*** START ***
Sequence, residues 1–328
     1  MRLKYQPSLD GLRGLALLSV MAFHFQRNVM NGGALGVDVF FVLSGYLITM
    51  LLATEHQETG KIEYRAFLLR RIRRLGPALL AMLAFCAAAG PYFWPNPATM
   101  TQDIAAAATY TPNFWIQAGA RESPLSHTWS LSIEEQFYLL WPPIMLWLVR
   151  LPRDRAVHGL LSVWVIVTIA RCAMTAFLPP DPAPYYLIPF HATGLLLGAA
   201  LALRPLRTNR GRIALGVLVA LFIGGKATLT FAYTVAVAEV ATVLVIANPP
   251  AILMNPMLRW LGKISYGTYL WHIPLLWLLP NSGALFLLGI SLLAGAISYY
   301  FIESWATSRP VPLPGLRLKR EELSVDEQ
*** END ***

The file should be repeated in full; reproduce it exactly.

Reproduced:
Sequence, residues 1–328
     1  MRLKYQPSLD GLRGLALLSV MAFHFQRNVM NGGALGVDVF FVLSGYLITM
    51  LLATEHQETG KIEYRAFLLR RIRRLGPALL AMLAFCAAAG PYFWPNPATM
   101  TQDIAAAATY TPNFWIQAGA RESPLSHTWS LSIEEQFYLL WPPIMLWLVR
   151  LPRDRAVHGL LSVWVIVTIA RCAMTAFLPP DPAPYYLIPF HATGLLLGAA
   201  LALRPLRTNR GRIALGVLVA LFIGGKATLT FAYTVAVAEV ATVLVIANPP
   251  AILMNPMLRW LGKISYGTYL WHIPLLWLLP NSGALFLLGI SLLAGAISYY
   301  FIESWATSRP VPLPGLRLKR EELSVDEQ